Cry Havoc #4 Review
Writer: Simon Spurrier
Cover: Ryan Kelly and Emma Price, Declan Shalvey and Jordie Bellaire (variant)
Art: Ryan Kelly
What a spin this issue turned out to be, as alliances are no longer what they seem. Louise is still in the hands of a dangerous monstress that she was sent to kill. Now it seems that the monstress was keeping her alive for one reason. Once that comes along, it might be bye-bye Louise.
In London, broken hearts and broken minds aren’t easily fixed. Loyal girlfriends, sketchy doctors, and overseas missions aren’t gonna fix that. You know what else won’t fix that? Betrayal. You get a lot of that in this issue. Teams start switching and bonds are cut loose, and its all leading up to a point where our main character is gonna be in some serious trouble. I can’t wait. Also, I can’t wait to see how this mission wraps itself up. I know that Louise and her teammates are important, but it doesn’t feel like it’s getting anywhere. Hopefully, I’m wrong.
Simon Spurrier can definitely write a good story, or should I say three good stories. When I first picked up this book, the flashbacks and such took a while to get used to even though it was so cool to read it that way. However, Spurrier shows how intricate his web of storytelling is. Take your time when reading this book, even go back and read a page a few more times. It’s great to see how Spurrier is tying it all together.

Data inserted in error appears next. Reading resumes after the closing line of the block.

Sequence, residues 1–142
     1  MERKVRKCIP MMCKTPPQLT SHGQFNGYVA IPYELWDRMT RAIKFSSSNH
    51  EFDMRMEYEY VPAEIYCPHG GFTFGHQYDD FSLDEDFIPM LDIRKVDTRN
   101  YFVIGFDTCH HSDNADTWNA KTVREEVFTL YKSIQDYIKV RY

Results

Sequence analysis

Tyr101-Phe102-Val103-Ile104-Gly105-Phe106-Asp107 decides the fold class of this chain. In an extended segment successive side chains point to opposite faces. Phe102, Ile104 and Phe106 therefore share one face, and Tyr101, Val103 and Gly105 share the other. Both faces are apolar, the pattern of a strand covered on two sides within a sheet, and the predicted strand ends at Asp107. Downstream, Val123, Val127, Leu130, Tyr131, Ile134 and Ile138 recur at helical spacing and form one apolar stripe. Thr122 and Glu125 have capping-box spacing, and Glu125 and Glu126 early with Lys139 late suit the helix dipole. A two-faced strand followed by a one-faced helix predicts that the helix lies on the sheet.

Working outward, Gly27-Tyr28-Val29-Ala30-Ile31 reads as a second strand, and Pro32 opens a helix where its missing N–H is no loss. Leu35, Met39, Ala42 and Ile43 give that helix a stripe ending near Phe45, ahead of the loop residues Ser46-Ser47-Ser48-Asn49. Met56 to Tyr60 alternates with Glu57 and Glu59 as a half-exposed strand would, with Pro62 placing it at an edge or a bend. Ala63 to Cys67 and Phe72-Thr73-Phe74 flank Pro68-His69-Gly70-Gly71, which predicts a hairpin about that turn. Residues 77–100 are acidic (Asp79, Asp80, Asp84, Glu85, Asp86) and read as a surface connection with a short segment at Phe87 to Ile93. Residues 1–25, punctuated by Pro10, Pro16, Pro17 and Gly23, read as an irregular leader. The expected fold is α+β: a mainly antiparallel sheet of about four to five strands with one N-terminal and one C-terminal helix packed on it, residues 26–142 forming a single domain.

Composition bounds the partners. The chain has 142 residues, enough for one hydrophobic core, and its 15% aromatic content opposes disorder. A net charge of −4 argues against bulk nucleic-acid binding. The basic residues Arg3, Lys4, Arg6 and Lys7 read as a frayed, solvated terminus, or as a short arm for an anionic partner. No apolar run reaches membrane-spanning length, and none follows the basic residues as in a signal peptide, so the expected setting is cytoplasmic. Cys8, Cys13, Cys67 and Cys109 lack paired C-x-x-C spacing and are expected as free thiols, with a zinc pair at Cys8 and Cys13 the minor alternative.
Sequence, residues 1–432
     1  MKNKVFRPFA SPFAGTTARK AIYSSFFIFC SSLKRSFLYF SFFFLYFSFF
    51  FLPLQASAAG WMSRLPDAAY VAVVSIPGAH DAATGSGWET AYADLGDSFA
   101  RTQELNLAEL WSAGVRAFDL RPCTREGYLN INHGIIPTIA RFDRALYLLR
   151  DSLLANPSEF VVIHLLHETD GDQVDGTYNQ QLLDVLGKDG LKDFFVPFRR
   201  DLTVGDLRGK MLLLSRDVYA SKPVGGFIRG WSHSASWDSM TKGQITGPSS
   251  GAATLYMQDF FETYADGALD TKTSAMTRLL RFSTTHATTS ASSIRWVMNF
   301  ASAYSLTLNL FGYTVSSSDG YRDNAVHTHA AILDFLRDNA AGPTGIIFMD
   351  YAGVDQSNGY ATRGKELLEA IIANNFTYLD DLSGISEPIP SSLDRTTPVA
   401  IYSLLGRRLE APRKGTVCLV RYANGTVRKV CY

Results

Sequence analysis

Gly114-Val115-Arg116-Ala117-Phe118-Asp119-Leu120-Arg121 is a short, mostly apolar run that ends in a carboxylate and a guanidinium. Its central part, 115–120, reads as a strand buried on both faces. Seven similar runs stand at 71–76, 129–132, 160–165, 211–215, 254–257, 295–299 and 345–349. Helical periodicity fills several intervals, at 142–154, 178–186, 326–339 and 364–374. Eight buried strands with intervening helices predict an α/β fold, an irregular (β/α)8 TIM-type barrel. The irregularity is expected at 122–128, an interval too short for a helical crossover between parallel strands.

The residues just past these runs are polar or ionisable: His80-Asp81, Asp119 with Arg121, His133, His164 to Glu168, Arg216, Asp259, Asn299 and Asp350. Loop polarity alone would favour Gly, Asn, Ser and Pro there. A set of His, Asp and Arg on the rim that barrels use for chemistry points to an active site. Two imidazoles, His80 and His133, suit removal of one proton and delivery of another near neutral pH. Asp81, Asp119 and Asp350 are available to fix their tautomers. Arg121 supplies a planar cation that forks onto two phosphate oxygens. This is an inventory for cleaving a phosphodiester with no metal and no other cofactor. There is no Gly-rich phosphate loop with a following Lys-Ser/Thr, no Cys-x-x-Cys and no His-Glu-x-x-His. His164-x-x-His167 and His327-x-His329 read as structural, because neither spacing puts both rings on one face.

There seems to be something different about Ryan Kelly’s art. Not a bad kind of different, but different. Anyhow, I like what he is doing. Seems like things are getting more defined. It’s the facial features here or scratch marks there. Also, I love the colors. They are the bright, eye-popping art you may see in other books, but it definitely sits well with the setting and the story. When the really bright colors do come out, they are nice to see. Another fun thing to look at is the covers of these books. So far they all have been a theme for our mythical heroes, and I feel like I know who’s next. The design is not in your face, and it carries on to the last pages of the book. Really makes it interesting.
Speaking of the last pages, it would be beneficial to take a look at them. I’ve learned a lot of history and mythology just by reading the annotations that have been provided. Also, looking at character designs and creative processes of the artwork doesn’t hurt.